In an interview with weekly Die Zeit, the Paris-based designer blasted the German capital's modest yet growing contribution to the fashion world.
“Oh Berlin, the city that wants to be so avant-garde,” the notoriously sharp-tongued Lagerfeld said. “There is a certain artistic pretentiousness there that I find rather depressing and not particularly new. It was okay at the beginning, when the Wall fell, but what it done since that's so special?”
Lagerfeld, who has spent nearly his entire career in Paris since relocating there in 1953, was also dismissive of Berlin's attempt to create a homegrown fashion event, saying: “Berlin Fashion Week...frankly I must confess it doesn't interest me.”
He admitted he was largely unfamiliar with younger German designers aside from Michael Michalsky, who “discovered fashion by reading about me and Chloé in magazines. I like Michael, but I don't know anything about the rest of them.”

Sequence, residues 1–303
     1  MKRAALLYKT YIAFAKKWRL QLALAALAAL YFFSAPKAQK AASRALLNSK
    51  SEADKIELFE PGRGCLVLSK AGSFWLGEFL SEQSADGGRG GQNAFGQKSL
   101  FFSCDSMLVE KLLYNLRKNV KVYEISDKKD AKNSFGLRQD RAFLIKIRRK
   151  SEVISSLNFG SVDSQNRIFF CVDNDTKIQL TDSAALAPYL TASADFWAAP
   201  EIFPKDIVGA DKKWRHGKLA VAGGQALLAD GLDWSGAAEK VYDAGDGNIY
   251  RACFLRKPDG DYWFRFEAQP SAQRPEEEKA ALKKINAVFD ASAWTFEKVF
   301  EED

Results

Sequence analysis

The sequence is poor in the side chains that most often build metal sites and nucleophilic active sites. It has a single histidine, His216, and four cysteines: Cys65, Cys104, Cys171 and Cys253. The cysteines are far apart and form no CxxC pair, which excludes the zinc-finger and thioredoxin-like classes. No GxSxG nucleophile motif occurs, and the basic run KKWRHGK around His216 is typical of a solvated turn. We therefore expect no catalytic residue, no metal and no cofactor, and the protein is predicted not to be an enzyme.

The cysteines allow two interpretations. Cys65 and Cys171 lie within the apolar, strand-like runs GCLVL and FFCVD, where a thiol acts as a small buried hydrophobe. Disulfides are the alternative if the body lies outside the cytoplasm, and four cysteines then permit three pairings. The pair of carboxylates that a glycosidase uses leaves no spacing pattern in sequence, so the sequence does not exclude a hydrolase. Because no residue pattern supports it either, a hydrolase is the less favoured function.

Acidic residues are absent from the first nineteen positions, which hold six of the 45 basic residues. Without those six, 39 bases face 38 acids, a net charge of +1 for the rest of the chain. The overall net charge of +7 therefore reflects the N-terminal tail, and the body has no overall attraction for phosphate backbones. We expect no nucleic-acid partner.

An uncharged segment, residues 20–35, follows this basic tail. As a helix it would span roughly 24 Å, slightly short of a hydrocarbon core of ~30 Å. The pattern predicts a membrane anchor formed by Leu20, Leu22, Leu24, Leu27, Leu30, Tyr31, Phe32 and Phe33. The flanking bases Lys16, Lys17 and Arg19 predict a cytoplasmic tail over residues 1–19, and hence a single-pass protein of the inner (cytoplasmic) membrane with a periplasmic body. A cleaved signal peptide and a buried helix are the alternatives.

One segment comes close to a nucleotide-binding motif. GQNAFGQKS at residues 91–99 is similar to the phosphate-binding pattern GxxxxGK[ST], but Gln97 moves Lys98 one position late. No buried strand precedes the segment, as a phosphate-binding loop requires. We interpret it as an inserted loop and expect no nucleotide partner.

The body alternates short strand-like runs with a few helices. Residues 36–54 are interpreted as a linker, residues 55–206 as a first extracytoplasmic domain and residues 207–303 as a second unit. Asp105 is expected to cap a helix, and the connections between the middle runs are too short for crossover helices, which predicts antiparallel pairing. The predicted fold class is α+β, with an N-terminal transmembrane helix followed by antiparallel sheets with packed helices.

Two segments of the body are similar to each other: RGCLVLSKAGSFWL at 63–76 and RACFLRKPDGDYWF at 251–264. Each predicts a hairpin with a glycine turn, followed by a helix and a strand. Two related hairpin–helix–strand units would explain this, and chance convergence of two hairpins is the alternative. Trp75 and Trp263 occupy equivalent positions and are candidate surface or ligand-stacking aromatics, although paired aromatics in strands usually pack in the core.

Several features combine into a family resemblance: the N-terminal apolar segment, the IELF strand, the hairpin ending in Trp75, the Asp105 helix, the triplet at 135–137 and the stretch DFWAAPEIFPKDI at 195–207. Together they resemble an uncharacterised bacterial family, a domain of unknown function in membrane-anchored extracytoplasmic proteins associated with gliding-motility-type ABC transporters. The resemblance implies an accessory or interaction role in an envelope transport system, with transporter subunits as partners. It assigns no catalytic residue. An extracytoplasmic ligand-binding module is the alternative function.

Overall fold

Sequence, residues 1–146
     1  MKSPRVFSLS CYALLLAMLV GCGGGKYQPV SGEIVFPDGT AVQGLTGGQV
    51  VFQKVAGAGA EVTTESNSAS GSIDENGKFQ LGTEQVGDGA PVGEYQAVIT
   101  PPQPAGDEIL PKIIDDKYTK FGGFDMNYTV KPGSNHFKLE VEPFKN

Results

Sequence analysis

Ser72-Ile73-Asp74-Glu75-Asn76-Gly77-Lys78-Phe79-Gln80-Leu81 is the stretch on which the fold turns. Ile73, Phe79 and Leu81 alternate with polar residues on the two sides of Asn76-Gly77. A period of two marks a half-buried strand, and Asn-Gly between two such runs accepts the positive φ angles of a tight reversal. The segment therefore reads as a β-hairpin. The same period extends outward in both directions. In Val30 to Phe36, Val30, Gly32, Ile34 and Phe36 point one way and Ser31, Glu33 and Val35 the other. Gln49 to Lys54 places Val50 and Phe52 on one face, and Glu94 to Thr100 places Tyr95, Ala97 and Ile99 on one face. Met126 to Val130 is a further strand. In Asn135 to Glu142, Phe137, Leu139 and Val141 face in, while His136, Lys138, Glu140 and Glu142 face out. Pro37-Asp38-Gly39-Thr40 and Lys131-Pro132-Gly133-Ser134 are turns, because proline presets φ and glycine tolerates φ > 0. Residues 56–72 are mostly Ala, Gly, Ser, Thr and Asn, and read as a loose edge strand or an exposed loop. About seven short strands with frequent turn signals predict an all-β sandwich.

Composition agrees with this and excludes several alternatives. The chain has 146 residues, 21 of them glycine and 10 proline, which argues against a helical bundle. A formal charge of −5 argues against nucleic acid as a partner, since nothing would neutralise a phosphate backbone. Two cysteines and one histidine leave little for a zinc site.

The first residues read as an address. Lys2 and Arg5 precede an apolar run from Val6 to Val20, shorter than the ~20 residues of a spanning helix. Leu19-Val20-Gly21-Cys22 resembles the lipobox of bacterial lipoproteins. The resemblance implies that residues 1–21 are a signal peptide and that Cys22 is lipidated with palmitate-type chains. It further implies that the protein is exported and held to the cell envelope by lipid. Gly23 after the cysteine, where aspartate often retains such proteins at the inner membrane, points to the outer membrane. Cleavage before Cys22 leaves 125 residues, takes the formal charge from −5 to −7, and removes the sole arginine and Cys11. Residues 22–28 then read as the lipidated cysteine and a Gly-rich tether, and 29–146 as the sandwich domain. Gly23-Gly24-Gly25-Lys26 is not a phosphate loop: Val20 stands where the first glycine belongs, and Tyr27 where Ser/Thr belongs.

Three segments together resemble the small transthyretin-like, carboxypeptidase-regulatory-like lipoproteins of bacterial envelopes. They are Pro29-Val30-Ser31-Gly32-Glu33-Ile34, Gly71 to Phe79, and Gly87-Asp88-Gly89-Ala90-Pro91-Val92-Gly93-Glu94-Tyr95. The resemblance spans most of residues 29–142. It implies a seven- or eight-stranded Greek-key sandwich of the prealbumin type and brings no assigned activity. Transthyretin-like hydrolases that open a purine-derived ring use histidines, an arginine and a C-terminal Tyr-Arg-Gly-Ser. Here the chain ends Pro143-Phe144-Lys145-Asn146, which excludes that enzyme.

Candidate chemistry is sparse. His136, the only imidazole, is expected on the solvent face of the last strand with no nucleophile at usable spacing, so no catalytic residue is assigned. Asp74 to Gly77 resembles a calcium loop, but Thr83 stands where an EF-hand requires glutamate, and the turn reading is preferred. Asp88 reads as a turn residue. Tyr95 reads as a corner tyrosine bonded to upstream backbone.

Despite his attack on Berlin, the designer had some unusually kind words about the general state of German style, saying “today there are as many stylish Germans as French, Italians or Americans.”
Lagerfeld, who famously sports a shirt with oversized collar and fingerless gloves at all times, saved most of his fashion ire for Germany's intellectuals, such as Nobel Prize-winning author Günter Grass.
“Nowadays intellectuals are all slobs, and not just the German ones," Lagerfeld moaned. "I'm sorry, but I hate scruffy intellectuals. Günter Grass should put on a collar and tie, he'd look younger.”
The childless Lagerfeld also found time to dispense some wisdom to wee ones. “I never wanted to be a child, I always wanted to be older,” he told Die Zeit. “This advice I give to all children: either you make like an adult or you'd better shut your mouth.”
Long known for his outlandish persona and his sharp tongue, Lagerfeld admitted at the end of the interview that even he wasn't perfect.
“I know that I'm superficial. Being superficial is my job.”